Patching alone won't stop cybercrime

Rimini Street Australia Pty Limited

By Daniel Benad, group vice president and regional general manager, Oceania, Rimini Street
Monday, 30 May, 2022


Patching alone won't stop cybercrime

Strong security policies have been critical for organisations in all industries since the early days of technology, but especially with the current rate at which companies are expanding and diversifying their technology investments, whether to digitally transform or otherwise.

However, many organisations are still under the impression periodic patches applied by their various vendors for their enterprise resources planning (ERP) and enterprise software platforms, and even mobile phones and laptops, is sufficient to stay cyber safe — and anything standing in the way of a patch or upgrade being installed will leave them exposed to criminals eager to hack in.

This sentiment neglects the realities of the modern cybersecurity landscape, and largely ignores the fact most enterprise software companies are not security companies. Much like an update to your most used smartphone app or even a video game, vendor-supplied ERP patches are typically just bug fixes to their own software and should never be confused with proactive cyber defence.

It also ignores the sheer effort involved in installing enterprise software patches, including the extended time it takes to test them within the company’s environment before they can be implemented. This can sometimes take up to six months; by this time, a new bug will likely have been identified and a new patch or upgrade needs to be tested.

Unfortunately, many organisations and their IT teams are told that there is no alternative to the merry-go-round of endless and often disruptive patches and fixes. In reality, however, these reactive solutions alone don’t provide the comprehensive and proactive security most businesses need — and they are paying exorbitant vendor maintenance fees to boot.

A hamster wheel of bug fixing

Software companies review bugs and vulnerabilities to determine the potential threat of an issue, and how critical it is to fix a particular issue. That involves identifying how widely the affected library or code base was used, what platforms were affected and its history.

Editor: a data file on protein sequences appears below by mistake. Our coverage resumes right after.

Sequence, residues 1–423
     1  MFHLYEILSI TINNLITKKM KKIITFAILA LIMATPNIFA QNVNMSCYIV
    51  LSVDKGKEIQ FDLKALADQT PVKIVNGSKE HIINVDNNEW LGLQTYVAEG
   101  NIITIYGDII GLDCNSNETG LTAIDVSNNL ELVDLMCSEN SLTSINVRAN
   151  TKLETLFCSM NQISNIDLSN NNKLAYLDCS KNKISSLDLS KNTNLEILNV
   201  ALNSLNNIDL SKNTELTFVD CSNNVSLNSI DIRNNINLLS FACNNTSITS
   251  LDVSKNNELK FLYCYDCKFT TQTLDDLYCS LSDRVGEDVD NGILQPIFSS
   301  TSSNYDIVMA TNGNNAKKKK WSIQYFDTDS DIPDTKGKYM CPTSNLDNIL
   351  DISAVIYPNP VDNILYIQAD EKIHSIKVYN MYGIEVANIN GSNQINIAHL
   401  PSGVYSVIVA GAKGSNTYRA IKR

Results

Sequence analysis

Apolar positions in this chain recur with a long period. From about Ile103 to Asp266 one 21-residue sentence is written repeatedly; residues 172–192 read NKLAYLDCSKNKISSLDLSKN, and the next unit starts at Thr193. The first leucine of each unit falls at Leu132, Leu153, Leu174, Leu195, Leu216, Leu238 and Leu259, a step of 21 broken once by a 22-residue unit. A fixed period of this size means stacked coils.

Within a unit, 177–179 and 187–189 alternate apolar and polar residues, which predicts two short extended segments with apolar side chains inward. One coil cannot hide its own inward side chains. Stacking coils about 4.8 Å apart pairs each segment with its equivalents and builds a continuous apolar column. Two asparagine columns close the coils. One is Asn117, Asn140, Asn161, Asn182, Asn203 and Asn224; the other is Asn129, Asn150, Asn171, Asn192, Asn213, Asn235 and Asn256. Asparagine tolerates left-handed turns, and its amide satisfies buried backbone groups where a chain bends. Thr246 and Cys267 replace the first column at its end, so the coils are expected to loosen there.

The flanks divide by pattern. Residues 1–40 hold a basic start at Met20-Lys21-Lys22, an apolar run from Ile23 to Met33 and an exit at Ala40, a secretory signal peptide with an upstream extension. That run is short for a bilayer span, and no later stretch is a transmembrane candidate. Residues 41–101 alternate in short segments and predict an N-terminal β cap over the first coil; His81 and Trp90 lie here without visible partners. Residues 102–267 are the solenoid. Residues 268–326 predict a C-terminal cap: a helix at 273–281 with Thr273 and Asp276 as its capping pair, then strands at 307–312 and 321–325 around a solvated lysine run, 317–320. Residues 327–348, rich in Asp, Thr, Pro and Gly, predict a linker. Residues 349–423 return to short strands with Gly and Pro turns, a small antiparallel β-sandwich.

That’s a laborious and lengthy process, and it’s not uncommon for vendors to learn a bug has existed for a significant period.

Furthermore, finding a problem doesn’t necessarily mean it’s possible to push out a patch immediately. It may have been there for years, sure, but it could be another year or more before a patch to fix the bug is installed. Equally problematic is that vendor-supplied patches and upgrades come in a one-size-fits-all solution, with little to no scope for customisations or the unique IT environments they’ll be thrown into.

That means IT managers are left waiting for patches to be released, only to find themselves needing to undergo rigorous regression testing, running Quality Assurance (QA), performing end-user testing and repairing the customisations the patches break — all this, multiplied by every single database or application instance in the company. This process is time-consuming, risky, disruptive and expensive.

Like a hamster in a wheel, customers repeat this cycle hundreds of times over for each new patch that follows.

The fact is vendor patches are complex and, even when applied effectively, tend to be limited in scope as they generally tackle only the issue that was discovered in the wild and do not address the weakness holistically. In short, vendor patches are not enough to maintain a proactive security posture.

Beyond the bandaids

Organisations simply can’t afford to buy into the notion of patching as an all-inclusive security posture. Rather, it should be viewed as merely a tactic to keep them paying for maintenance every year.

Security is best left to security experts. Whatever the industry, companies should look to cybersecurity platforms, firewalls and defence agencies to mitigate risks.

Today’s organisations require modern and cost-effective security tactics, such as in-memory database protections and real-time self-protection for middleware and applications. These are far more effective methods for addressing security issues within the enterprise software stack, while also enabling huge reductions in downtime and business disruption.

Regular penetration testing is also critical to the maintenance of a secure perimeter. Rather than waiting for a software vendor to highlight a long-undiscovered (or previously discovered but not actioned upon) vulnerability, penetration testing can regularly test the defence for holes not just within the ERP, but the entire environment.

It’s also important to note that those same bugs and vulnerabilities may be addressed by third-party support and maintenance providers, which aim to fix the issue at the source, immediately, rather than wait for a patch to be downloaded and tested. Doing so can relinquish the strain on the internal IT team to test and configure patches, which take significant time and resources to manage.

Ultimately, it comes down to the fact that vendors of ERP and enterprise software platforms are not security companies. Although they provide exceptional software, the patchwork to keep it running can’t stand alone in the name of cyber-defence.

Image credit: ©stock.adobe.com/au/tiero

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